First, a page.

If you’re looking for an easy day or more of a winding stroll, the incredible views on Vereda do Larano will blow your hiking socks off. The entire walk is extremely flat, but it’s still one of the best hikes on the island. It’s not just the ocean in front of you that’ll take your breath away, it’s also the sheer walls stretching out majestically on either side, plus above and below you, since the trail hugs the side of the bluff. You can choose to go for five miles or onward for several more, since it stretches along most of the coast, and taxis or guides will handily drop you off and pick you up at predesignated spots like in Machico and Porto da Cruz.

A couple other easy hikes include the 25 Fontes hike, which is about seven miles and has numerous waterfalls along the way and at the end, or the Vereda da Ponta de São Lourenço hike, accessible via the 113 bus, which goes through caves and ends at a restaurant where a boat can whisk you back to Funchal.

If you choose to hike Vereda do Fanal, you can see the laurissilva forest at Posto Florestal Fanal, which is a UNESCO protected site home to the laurissilva trees that once populated Europe and are now extinct there except for on this island.

black scabbard fish
What’s better: the fish, the wine, the fruit, or the view behind it all? | Reid's Palace, A Belmond Hotel

Eat mouthwatering meals you can’t get anywhere else on Earth

One of the first fish you’ll hear about—and hopefully indulge in—is the black scabbard fish. Native to these waters, the three-foot long, eel-like creatures swim at 1,000 meters deep. At that depth, their skin is a shiny silver, but the pressure from being pulled up from such a distance turns their scales black.

Needless to say, these fishies are much tastier than they look. They come prepared on crostinis, in sandwiches, or as the star of the plate. Though locals at home prepare black scabbard plain, restaurants often top the fish with the island’s local banana or passion fruit in a blend that’s sweet and savory with a tangy kick. The fish is served almost everywhere, but the best low-key bite in Funchal just might be at O Calhau next to Old Town. Whereas the best high-end plate is prepared at Avista, awarded Michelin Gourmand and helmed by a two Michelin-starred chef.

If an upscale splurge is your thing—and if you only have the allowance for one—make it Galaxia Skyfood. Before the tasting menu blows your mind, get blown away by the 16th floor ocean views and the twinkling atmosphere where a tasteful galaxy impression swirls on the ceiling. Then tuck in for the standout dish of Wagyu beef speared on a bay leaf stick, covered in a garlic crumble, and nestled in a bowl of pine branches and a literal-smoking coal that imparts an earthy flavor. After that, the fermented red snapper in a ponzu and avocado puree with mango gel is a bright, tingling treat for the tongue.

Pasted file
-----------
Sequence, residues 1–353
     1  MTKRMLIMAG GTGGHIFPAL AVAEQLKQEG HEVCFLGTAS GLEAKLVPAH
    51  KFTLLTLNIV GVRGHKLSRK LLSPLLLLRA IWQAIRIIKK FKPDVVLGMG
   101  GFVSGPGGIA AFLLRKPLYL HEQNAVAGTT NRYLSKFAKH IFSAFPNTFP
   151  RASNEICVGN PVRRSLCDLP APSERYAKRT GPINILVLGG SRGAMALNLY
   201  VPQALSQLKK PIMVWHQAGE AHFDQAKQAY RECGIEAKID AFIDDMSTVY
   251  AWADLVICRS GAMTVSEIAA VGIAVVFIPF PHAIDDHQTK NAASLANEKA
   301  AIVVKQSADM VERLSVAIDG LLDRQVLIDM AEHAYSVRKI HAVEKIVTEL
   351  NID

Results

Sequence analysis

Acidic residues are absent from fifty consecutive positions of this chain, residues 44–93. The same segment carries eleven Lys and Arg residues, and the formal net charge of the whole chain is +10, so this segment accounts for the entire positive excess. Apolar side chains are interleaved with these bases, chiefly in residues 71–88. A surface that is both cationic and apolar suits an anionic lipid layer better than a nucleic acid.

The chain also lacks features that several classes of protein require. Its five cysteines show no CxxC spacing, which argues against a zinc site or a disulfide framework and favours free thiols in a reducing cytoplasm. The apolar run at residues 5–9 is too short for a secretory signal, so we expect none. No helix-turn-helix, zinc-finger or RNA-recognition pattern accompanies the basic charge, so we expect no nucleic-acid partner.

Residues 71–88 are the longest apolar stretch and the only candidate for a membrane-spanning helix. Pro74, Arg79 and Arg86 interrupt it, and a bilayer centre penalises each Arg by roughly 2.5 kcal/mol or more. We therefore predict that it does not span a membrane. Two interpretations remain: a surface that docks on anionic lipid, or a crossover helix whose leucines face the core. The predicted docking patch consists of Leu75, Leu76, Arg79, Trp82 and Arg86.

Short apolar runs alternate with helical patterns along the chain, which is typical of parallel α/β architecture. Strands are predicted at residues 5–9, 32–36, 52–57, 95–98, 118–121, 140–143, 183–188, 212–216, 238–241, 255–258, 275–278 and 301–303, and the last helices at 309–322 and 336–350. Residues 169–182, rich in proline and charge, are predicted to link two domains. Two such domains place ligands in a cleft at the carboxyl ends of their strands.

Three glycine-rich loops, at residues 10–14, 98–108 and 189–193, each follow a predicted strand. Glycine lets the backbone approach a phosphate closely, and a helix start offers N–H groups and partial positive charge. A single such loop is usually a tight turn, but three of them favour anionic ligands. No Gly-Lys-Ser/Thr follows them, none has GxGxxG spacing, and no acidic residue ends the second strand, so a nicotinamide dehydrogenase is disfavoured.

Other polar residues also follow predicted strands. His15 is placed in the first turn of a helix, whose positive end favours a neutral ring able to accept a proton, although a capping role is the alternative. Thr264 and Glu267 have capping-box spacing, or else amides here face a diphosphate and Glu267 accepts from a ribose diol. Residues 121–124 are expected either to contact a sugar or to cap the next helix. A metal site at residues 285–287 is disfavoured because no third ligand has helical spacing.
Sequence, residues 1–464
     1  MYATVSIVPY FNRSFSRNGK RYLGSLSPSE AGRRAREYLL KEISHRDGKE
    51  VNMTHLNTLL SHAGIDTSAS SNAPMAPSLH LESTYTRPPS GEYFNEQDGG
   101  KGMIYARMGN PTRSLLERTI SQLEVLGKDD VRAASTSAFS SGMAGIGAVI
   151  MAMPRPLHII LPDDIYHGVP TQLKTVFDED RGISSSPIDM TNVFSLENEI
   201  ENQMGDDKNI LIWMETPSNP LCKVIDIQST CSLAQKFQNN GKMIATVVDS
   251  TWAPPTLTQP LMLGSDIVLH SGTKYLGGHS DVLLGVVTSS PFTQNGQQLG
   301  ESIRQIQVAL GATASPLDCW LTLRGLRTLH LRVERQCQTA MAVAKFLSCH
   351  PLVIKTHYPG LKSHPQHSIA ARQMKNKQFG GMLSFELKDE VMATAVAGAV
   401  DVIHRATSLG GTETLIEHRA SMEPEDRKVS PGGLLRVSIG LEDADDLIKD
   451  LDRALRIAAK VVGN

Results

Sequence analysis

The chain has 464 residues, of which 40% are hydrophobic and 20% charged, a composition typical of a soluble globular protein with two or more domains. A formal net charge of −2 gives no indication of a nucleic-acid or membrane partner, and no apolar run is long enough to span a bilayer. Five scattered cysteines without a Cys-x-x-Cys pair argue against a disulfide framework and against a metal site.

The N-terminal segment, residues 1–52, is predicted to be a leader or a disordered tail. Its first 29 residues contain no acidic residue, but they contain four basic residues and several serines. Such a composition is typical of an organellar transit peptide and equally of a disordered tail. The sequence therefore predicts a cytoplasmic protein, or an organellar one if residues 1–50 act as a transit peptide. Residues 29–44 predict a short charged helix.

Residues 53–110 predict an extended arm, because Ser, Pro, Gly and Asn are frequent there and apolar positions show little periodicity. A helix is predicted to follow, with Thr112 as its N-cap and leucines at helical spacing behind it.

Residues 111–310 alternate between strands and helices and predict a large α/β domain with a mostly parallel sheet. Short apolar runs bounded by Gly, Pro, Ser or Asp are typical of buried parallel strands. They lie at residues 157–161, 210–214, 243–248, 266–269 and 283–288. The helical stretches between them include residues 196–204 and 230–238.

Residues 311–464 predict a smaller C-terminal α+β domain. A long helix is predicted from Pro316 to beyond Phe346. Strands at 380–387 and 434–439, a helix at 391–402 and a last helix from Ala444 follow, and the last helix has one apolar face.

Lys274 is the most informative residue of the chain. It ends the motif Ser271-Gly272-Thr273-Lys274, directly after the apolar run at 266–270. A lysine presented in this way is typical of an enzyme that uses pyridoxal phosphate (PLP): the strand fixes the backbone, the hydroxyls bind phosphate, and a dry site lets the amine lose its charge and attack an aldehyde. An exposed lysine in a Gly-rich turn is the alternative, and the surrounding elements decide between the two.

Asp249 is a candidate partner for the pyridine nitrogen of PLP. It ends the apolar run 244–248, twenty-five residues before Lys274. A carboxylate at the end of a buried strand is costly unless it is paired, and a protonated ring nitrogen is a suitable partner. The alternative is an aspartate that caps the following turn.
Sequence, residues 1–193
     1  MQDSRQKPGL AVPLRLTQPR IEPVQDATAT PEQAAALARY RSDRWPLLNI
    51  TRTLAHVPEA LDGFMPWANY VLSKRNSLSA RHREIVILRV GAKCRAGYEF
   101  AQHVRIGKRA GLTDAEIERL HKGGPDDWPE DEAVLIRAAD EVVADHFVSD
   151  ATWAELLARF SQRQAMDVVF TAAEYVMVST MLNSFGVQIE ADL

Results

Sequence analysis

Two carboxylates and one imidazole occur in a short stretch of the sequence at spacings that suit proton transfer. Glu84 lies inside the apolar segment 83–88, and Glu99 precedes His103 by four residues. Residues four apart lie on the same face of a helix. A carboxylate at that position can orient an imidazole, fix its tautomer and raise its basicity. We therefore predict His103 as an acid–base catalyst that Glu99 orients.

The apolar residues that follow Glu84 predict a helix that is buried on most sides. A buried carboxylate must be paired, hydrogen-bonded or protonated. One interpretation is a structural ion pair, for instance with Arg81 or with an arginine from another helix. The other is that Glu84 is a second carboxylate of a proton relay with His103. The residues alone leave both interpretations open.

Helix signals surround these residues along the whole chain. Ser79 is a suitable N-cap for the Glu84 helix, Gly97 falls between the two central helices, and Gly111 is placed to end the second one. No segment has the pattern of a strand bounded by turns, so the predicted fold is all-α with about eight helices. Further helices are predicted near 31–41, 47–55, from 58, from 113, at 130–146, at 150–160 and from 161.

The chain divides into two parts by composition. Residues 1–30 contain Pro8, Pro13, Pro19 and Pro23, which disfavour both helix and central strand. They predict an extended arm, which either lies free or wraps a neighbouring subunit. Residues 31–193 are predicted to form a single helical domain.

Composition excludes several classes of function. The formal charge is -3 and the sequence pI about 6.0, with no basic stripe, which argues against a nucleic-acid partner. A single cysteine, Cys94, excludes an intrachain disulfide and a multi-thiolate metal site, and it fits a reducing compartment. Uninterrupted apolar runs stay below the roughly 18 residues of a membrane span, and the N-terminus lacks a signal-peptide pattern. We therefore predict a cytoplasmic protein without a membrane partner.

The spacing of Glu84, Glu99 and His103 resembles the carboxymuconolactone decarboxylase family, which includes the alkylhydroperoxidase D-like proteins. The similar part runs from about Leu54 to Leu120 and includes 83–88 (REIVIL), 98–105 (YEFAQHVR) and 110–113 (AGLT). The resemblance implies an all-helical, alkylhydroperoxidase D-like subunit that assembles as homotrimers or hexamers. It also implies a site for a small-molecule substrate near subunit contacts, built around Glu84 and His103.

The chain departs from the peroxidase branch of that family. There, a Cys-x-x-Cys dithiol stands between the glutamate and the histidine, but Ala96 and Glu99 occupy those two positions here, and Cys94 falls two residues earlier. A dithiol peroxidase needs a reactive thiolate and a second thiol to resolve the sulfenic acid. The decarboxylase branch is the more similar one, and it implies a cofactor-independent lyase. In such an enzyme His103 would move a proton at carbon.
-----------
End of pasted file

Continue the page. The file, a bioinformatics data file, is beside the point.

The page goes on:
Madeira restaurant
Pretty much everywhere you eat in Madeira has a version of this vista. | Reid's Palace, A Belmond Hotel

For a more casual hang, Maktub in Paul do Mar on the western side of the island starts the meal with a traditional sunset drink on the sea ledge just across the street from the restaurant. The chef then expertly prepares whatever local catch came in that day, and you’ll be lucky if you get a thinly sliced tuna crudo. The creamiest, silkiests pastas (shoutout to the lobster and black truffle pasta) can be found at Villa Cipriani, whose cliff-hanging patio steals the show.

But the best of all worlds, where casual guests dine amid such stupidly pretty landscapes that it just feels expensive without being so, is winery Quinta do Barbusano. The glass walls of the rustic tasting/dining room overlook an undulating, verdant valley dotted with the country homes of a small town.

Here, not only can you get a thorough wine tasting for 15 euro, you can also try their espetada: hunks of beef grilled on a rod with truly the perfect amount of salt. The rods are hung vertically above your table, and it’s a learning experience to gracefully slide a piece off with your fork and knife. You’ll also have a hard time eating only three or four pieces of their bolo de caco, the traditional flat, warm bread of Madeira that’s covered in garlic and butter.

Psst… that’s me. | Photo courtesy of Epic Madeira.

Fling yourself down waterfalls and off cliffs

Who wants to stop at just chasing waterfalls when you can then scale down them, superhero style? Canyoning excursions allow you to feel like you’re defying gravity by walking on a vertical wall of rock, often with water flowing down it. The rocks can be slippery and tricky to manage with just feet and no hands, but you’re harnessed to a rope around your waist and carefully managed by a guide at the top and one at the bottom.